Reply
        • steveh
          steveh

          “But I maintain that it gives us road map.”
          How can Sweden – a tiny and a-typical market – give us a road map?
          By your own admission you agree that the position of iTunes was a-typically very weak in Sweden when Spotify came on the scene.

          Looking at the graph it seems that, as of now in Sweden, income from Spotify is about 7 times greater than income from paid downloads. When do you predict that will be the case in the US?
          This is so vastly a-typical compared to US, UK, Japan etc that it can only be seen as some bizarre curiosity.

          Reply
      • Visitor
        Visitor

        “You’re suggesting that I don’t *want* to “deal” with piracy.”
        I’m not David, but I don’t think anybody would suggest anything of the kind.
        You and Casey are appreciated as the fearless pro-pirates of this board and expected to deal with the subject at all times.

        Reply
    • David
      David

      No ‘damning the flow of piracy’?
      A Freudian slip!
      But seriously, we won’t know if it is possible to dam the flow of piracy until it is tried, which it hasn’t been – seriously – yet.
      Here are two modest measures that I suggest would greatly reduce the ‘flow’.
      a) Introduce a mandatory fine of at least $1000 for every time a business advertises on a known pirate site. Cutting off advertising killed off the offshore pirate radio stations broadcasting to the UK around 1970. If advertisers don’t want to be fined, the burden would be on them to make sure their ad funding doesn’t go to pirates.
      b) Remove safe harbor protection from search engines which continue to show search results for known pirate sites.
      Both of these measures would require ‘known pirate sites’ to be defined and identified. This would more work and detailed discussion, but if anyone tells you it is impossible, you know straight away that they really don’t *want* to deal with piracy.

      Reply
      • jw
        jw

        You’re suggesting that I don’t *want* to “deal” with piracy. I stated plainly that streaming is the most effective means of “dealing” with piracy. It seems like you’re trying to paint me as a “pirate sympathizer,” when in reality my sympathy lies with broke ass musicians who have had a distribution system that they relied on yanked out from underneath them. What I’m suggesting is being proven in Sweden to fix the problems of piracy. Look at the graph I posted, they had it worse off than the U.S. What you’re suggesting is just a giant ego trip. It’s a fool’s errend that stems from principles that no longer apply. And your ideas suggest a fundamental misunderstanding of what the internet is & does.
        Large portions of the internet are not editorial in nature, they are applications that facilitate the sharing of video game scores or recipes, the selling of handmade goods, or cross-timezone collaboration on an editorial project. Some applications, like message boards, simply facilitate communication. And some applications, like file storage websites, facilitate the backing up of & the sharing of files. These websites all have terms of service that precludes unauthorized sharing of copyrighted material.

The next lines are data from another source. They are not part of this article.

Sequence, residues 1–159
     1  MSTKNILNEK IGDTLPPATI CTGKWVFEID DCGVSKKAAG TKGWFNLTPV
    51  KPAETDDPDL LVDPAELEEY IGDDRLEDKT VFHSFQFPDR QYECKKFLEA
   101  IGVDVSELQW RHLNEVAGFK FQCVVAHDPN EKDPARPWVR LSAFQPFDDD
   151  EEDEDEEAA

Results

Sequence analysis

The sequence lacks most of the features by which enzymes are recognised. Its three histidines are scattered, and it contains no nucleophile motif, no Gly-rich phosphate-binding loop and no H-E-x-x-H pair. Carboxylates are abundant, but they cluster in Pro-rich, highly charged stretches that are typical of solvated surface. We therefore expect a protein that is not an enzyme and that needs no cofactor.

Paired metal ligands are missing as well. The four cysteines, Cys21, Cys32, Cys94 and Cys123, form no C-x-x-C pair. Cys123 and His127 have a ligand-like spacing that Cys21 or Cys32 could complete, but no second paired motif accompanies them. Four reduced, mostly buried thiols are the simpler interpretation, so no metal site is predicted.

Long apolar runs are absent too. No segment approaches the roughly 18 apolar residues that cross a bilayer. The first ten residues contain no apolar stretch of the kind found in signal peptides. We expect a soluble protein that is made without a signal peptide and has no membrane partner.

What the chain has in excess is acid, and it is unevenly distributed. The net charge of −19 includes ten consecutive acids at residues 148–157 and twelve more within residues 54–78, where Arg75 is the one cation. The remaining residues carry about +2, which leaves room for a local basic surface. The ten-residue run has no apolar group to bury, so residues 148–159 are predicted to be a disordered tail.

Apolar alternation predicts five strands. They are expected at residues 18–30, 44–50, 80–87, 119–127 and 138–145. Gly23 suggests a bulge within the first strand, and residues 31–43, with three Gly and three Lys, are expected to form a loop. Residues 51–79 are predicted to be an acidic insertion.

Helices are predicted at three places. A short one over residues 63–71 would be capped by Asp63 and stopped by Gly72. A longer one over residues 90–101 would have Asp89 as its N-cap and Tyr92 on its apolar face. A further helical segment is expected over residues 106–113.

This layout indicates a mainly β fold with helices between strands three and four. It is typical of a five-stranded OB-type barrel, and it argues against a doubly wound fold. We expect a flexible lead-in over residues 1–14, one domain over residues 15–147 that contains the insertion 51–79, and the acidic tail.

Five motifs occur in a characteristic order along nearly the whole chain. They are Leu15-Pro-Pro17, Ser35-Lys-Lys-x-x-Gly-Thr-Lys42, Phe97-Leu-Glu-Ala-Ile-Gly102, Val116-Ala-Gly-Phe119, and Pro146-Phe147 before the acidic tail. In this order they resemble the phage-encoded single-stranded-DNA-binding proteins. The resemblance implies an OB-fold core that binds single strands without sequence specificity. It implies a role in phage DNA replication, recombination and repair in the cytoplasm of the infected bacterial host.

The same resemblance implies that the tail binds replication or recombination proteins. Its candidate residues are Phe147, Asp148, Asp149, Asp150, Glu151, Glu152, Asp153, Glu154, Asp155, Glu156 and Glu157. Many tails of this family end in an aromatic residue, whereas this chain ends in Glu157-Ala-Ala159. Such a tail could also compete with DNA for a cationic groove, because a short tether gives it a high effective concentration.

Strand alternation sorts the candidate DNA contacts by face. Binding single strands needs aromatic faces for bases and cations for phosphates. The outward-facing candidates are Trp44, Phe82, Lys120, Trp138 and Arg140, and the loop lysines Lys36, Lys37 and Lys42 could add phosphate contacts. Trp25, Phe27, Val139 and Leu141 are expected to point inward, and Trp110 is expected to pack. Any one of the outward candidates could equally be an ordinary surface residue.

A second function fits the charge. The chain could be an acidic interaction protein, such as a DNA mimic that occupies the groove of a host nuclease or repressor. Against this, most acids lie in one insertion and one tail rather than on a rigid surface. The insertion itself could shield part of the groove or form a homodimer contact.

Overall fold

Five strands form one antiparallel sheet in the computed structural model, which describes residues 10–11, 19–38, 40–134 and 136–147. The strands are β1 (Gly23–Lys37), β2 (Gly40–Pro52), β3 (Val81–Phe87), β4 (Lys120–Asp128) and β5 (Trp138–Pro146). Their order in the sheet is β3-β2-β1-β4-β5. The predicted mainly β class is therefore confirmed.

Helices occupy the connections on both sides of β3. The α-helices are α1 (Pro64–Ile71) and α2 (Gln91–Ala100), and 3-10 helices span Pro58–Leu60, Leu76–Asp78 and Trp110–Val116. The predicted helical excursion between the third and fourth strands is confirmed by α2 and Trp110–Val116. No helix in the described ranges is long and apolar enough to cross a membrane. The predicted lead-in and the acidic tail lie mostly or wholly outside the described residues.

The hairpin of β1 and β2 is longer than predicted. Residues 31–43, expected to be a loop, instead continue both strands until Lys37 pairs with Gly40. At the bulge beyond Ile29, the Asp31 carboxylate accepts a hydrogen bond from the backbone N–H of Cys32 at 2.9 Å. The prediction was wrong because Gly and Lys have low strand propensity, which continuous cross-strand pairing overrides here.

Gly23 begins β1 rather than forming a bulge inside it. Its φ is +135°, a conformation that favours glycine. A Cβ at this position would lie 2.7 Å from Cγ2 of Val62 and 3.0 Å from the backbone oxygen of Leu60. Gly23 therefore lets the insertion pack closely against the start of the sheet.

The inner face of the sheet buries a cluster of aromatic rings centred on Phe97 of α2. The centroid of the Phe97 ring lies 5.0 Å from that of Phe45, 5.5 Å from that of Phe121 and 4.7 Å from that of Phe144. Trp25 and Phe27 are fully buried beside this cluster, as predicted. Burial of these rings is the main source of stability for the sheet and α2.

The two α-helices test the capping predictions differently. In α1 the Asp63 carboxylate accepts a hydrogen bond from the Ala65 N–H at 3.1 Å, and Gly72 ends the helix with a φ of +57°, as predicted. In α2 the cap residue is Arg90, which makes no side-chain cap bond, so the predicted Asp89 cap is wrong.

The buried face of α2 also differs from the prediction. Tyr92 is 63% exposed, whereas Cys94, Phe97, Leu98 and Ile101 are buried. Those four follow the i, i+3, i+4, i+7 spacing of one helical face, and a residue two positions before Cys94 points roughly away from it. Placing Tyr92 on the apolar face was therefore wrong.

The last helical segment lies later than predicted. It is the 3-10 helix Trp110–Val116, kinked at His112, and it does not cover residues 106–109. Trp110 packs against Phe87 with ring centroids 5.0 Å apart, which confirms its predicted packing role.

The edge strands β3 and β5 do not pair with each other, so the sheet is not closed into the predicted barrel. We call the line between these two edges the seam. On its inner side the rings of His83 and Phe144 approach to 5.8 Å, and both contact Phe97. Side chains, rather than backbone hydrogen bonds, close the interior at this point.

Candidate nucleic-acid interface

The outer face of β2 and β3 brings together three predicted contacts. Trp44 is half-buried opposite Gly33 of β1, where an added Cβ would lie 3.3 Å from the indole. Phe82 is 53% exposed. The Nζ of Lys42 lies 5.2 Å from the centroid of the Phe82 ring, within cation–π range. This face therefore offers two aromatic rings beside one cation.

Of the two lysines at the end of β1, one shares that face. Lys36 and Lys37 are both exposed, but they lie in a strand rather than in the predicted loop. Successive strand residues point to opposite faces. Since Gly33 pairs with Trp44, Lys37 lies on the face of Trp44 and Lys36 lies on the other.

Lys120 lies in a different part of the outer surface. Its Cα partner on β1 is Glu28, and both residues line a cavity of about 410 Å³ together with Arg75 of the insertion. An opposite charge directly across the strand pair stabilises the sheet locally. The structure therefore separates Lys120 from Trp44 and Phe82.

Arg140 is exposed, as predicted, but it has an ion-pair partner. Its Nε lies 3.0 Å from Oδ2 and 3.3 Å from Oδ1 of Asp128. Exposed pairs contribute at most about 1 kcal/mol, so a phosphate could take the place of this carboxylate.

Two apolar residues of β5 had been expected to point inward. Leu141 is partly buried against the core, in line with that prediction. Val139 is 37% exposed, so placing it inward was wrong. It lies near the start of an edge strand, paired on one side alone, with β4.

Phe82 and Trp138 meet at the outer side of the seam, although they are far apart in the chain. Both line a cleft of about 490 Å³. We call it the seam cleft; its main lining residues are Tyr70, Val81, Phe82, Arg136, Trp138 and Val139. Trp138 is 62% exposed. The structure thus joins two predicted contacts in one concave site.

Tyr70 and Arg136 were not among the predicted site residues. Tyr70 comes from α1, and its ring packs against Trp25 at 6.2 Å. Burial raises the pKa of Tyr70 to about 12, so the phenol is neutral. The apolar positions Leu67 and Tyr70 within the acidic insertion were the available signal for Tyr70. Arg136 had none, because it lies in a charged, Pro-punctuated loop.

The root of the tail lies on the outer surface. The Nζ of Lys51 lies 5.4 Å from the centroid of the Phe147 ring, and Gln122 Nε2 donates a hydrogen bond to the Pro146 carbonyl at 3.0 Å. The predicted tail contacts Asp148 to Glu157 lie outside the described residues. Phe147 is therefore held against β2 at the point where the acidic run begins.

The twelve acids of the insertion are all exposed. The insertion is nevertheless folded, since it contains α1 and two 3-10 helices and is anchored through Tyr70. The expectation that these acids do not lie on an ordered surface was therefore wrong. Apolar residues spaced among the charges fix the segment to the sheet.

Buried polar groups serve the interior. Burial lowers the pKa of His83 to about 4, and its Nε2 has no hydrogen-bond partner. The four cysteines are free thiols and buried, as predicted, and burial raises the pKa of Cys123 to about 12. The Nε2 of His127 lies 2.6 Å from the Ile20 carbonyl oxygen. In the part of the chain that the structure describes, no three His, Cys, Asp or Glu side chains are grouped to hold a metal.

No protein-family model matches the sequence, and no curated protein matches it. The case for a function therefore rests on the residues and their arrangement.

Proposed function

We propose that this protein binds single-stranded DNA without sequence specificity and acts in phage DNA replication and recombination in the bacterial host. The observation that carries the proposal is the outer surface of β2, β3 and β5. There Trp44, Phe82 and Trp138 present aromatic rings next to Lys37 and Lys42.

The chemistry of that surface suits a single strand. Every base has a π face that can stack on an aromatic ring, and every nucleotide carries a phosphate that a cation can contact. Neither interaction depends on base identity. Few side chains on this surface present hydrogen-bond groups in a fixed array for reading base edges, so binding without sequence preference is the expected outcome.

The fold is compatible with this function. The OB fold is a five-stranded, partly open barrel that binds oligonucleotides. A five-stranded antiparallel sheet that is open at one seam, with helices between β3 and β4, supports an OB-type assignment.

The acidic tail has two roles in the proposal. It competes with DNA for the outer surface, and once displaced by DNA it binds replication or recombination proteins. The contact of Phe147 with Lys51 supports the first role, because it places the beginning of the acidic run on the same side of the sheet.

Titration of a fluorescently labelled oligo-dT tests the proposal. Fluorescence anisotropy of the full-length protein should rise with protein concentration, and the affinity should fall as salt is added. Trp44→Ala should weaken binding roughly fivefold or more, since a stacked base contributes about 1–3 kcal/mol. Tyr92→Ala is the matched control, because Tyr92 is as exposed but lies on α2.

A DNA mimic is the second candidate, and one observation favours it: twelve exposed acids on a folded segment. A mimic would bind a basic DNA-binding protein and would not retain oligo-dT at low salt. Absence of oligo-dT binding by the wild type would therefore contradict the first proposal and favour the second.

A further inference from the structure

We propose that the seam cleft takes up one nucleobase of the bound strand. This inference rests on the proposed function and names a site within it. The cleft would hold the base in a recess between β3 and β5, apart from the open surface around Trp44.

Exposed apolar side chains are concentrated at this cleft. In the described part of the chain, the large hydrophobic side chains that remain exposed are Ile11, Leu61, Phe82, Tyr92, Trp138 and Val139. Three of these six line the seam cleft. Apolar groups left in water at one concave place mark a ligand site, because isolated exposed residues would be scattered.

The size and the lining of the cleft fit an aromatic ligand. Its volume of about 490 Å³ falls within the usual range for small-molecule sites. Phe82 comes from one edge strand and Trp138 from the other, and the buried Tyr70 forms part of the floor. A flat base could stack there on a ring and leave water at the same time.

Let’s say I create a website that allows users to share photos. Eventually, someone is going to take copyrighted photos off of a photographer’s website & post them to my website, violating the terms of service. But how am I to know what material users do & don’t have the rights to without being omnicient? Obviously I can’t. And so, if content is found to be in violation of copyright, I’m sent a DMCA takedown request & I remove the content from my website.
        Really & truly, any website that requires a user to have the rights to distribute any content he or she contributes, so long as that website complies with DMCA takedown notices, is with the law & can not reasonably be labeled a “known pirate site.” (Obviously any website created with the intent to break the law, or that does not comply with legitimate DMCA takedown notices, deserves to be prosecuted in court.)
        The label that you’re looking for is a “website known to be abused by pirates.” It’s INCREDIBLY important to make this distinction. Because, if you do not, any website that allows users to contribute content is potentially a pirate website, or could become one once the current sites are sucked dry. “Attachment” buttons on forums become a liability. Even discussion functionality, like this comment section on DMN, could potentially host links to copyrighted material. What your suggesting would fundamentally change the way that money is spent on internet advertising, & would move dollars away from websites that promote the participation of users, & it would concentrate on editorial websites that won’t risk feedback.
        This type of thing is EXACTLY what the DMCA was designed to protect AGAINST.
        So no, your suggestions are not valid, not without having the DMCA entirely rewritten, & good luck with that. That’s a can of worms that even I wouldn’t touch.

        Reply
        • David
          David